A Travellerspoint blog

Stockholm

Learning to love paying through the nose for everything

semi-overcast 18 °C

It's been a while hasn't it? Rob's Odyssey has almost reached the infrequency and overblown word counts once associated with J K Rowling and the later Harry Potter books. Much longer and we'd have been heading into 'Chinese Democracy' territory. Talking of China, I've been and gone through there, and am now typing this on a crappy keyboard (but nevertheless a QWERTY one - hurrah!) in a hostel in Tokyo. As Cilla might say, a lorra things have happened in the intervening month of so between Sweden and here, but I'm fairly confident that at the rate I'm going I'll still be able to wrap this up in time for the Olympics. Maybe even the London ones...

Now I admit I said I was going to try and keep this short and snappy, but you know what? Stockholm deserves better. It may have left a hefty dent in my travel budget, but after three-and-a-bit days in the city, I could see why so many people have so many good things to say about it. It seeks to project an image of being the "Capital of Scandinavia", which has rubbed the other Nordic capitals up the wrong way but, in the absence of any real competition, it's probably not far from the truth. Certainly it was no coincidence that I'd made it the longest stop on my brief tour of continental Europe's northerly outposts. The train across from Göteborg was super quiet (there were never more than three other people in my carriage the whole time, but this still didn't stop the ticket inspector insisting that I should have reserved a seat), and passed through pine forests that gave me a foretaste of what awaits me for day after day in Siberia. My hostel was just up the road from the station and it was a corker, really swish from the moment you get in the door and see the iPad behind reception ostensibly being used for no other purpose than to play music. My first night's a low key affair (i.e. spent updating this thing and the rest of my online media empire), and the next day has to be a sensible one: I'm all but out of smalls, and need to purchase some kind of ticket to get from here to Tallinn. The fact it was tipping it down outside meant I chose the domestic option first, commandeering myself a toilet sink in which to scrub, to the probable perplexment of the cleaners who must have assumed I was having a particularly long shit or shave. By the time I'd hung them out to dry the rain had abated, so I went to the ferry office with a plan to revolutionise their ticketing arrangements and thus help me avoid paying full whack (a cool 196 Euros) for a four-person cabin. Good thing is the ferry company were one step ahead of me. "You don't mind sharing with three other guys?", asked the girl at the counter, before I informed her that it would pose no problem given I shared a room with 15 other guys two nights prior. A 52 Euro transaction later and I had my ticket to ride. I walked down the road into the city's main shopping area, clobbered by redevelopment in the 1960s. There was an international food market on, with the usual mix of national dishes represented: French cheeses, Spanish paella, Dutch pancakes. And from Britain? Fudge. A big stall entirely given over to the wonderful sugary stuff. Trade was brisk.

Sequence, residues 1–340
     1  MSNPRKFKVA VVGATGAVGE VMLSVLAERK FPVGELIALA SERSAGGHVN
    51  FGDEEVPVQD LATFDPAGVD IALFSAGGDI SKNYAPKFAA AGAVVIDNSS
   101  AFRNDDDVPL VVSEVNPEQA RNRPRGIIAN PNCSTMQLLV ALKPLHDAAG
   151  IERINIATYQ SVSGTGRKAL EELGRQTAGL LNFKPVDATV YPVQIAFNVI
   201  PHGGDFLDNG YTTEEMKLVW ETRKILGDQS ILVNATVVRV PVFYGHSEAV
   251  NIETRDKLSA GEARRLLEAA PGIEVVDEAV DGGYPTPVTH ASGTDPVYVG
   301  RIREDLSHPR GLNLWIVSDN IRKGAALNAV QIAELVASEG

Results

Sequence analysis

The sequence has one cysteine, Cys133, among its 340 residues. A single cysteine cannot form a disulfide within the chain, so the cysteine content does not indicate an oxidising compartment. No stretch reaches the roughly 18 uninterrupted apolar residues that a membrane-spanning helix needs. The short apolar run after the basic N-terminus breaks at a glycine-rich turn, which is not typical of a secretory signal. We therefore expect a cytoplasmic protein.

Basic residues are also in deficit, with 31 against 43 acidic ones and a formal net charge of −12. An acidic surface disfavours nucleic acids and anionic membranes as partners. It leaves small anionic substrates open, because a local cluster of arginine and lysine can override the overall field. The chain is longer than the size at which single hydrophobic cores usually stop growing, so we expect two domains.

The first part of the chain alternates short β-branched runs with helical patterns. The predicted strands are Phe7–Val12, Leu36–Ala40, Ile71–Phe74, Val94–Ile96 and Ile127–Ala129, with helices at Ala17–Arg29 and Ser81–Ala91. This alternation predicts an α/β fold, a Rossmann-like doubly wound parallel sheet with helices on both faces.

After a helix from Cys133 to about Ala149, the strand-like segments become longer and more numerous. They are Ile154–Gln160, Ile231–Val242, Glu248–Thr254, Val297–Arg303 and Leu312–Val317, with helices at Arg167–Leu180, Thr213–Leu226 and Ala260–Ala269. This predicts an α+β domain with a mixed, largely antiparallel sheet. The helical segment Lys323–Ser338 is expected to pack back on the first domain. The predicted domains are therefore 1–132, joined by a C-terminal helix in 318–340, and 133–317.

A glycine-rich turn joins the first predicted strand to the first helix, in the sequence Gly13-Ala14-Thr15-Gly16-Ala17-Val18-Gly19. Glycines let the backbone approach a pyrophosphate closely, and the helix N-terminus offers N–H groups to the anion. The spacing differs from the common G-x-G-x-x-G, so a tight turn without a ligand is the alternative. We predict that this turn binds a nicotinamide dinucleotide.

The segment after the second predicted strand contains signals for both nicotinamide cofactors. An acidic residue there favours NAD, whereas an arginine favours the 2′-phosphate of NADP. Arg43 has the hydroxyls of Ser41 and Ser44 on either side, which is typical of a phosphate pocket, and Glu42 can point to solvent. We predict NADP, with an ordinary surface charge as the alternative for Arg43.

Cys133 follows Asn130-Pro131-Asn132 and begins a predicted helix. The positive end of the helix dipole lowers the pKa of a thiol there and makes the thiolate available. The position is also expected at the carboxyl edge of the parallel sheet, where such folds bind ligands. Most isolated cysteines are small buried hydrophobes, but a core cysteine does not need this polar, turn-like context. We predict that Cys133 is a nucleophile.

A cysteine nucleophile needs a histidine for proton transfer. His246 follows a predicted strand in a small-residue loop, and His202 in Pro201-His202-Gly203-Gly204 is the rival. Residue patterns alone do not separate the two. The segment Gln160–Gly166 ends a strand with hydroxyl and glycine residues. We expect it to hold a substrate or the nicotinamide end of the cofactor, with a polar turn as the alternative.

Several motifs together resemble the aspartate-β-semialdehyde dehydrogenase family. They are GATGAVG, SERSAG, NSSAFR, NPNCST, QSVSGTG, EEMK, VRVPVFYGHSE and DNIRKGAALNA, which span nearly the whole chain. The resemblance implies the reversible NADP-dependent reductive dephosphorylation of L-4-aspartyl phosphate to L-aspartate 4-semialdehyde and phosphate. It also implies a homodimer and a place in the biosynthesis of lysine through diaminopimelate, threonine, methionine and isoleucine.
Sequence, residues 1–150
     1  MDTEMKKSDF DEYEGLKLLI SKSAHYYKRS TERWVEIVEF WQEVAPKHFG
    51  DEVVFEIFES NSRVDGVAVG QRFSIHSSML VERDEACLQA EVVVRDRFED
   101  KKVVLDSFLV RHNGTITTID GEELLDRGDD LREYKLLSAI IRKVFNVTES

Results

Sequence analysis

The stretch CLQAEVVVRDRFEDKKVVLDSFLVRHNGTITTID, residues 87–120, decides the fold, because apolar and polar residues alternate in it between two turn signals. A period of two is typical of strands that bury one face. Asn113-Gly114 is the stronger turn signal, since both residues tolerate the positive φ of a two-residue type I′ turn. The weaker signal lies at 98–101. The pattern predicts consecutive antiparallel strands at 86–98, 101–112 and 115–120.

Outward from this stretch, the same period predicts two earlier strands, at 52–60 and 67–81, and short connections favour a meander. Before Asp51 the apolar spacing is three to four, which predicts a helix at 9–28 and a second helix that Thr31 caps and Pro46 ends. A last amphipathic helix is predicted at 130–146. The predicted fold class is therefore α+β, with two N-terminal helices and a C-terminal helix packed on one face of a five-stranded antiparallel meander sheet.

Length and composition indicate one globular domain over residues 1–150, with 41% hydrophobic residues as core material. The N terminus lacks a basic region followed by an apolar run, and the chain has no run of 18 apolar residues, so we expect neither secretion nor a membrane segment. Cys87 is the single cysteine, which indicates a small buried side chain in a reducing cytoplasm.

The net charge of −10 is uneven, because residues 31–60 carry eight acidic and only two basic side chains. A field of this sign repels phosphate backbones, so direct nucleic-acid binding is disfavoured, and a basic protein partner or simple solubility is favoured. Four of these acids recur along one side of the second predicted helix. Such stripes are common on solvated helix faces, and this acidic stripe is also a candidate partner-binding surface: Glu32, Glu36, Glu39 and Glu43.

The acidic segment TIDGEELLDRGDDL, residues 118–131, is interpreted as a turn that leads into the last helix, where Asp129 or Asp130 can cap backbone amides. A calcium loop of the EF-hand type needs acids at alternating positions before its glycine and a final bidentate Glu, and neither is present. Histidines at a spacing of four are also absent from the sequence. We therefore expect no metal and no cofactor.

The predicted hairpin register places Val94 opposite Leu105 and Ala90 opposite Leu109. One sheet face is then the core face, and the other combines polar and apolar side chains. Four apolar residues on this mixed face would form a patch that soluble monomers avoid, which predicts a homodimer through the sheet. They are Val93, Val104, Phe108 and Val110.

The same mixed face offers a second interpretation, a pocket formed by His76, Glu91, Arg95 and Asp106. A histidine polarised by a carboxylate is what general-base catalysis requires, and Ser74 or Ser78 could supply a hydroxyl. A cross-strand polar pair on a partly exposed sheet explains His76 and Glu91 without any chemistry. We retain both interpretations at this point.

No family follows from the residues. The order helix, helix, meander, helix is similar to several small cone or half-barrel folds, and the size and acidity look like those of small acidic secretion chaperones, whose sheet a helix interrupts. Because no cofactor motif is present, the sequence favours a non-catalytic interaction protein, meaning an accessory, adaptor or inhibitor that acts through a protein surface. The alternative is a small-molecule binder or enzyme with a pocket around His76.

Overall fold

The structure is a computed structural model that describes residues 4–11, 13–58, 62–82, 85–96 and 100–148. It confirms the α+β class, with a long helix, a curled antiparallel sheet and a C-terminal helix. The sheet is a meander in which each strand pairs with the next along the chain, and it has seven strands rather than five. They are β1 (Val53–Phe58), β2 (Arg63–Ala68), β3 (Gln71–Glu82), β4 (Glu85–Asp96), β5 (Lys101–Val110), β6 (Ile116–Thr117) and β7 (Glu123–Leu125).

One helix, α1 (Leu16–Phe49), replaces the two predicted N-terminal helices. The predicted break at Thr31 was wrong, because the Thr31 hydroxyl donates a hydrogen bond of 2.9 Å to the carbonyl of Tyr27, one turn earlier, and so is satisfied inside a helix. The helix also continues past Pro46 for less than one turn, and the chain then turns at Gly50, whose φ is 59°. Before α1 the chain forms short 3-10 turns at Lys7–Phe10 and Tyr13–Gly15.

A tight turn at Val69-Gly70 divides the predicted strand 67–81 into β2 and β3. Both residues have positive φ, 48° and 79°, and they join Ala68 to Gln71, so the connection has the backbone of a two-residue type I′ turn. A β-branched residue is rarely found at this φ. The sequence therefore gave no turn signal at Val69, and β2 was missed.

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I'd read that food is expensive in Stockholm, but it wasn't until I'd parted with 7 Euros for a small carrier bag of veg from a market stall that I realised it was no word of a lie. Back at the hostel more roomates had arrived, and we swapped stories of how much we had (almost) paid for food and drink. Annoyingly, my outlay on groceries was still not enough to allow me to put together a simple pasta-and-sauce dish, but showing a Taiwanese girl how to switch on the hobs (fast becoming my party trick among Far Easteners) scored me some Frankfurter to pad out my meal a little. We chatted as we first cooked and then ate (stopping momentarily for her to take a photo of her meal for reasons that remain unclear to me). Her name was Jin, and she was back in Stockholm to see a friend from her time at university here, a period marked by her failure to master the spoken language (or at least the correct pronunciation of the letter r). She tells me that I should have put Taiwan in my itinerary as it's cheap (who knew?), but doesn't seem at all concerned by the ten days I've chosen to spend in China and Hong Kong. Given her previous experience of living in the city, I asked her what the one thing I should go and see once I've finished eating. Her suggestion was to go take a look at City Hall, only not to bother since the cafe will be closed that late in the afternoon and it's still raining. Upon leaving the windowless basement kitchen I found she was well wide of the mark meteorologically, and set off for City Hall to assess whether her judgement of civic sights was any better. It was, although credit for her success has to rest more with the architect and city fathers responsible for the building. Nowadays it's perhaps best known as the venue for the awards of the various Nobel Prizes. A restaurant housed in one corner of the building offers among other things the opportunity to eat the courses served to Barack Obama upon his premature receipt of the Peace Prize last year, but it didn't really float my boat. How about you?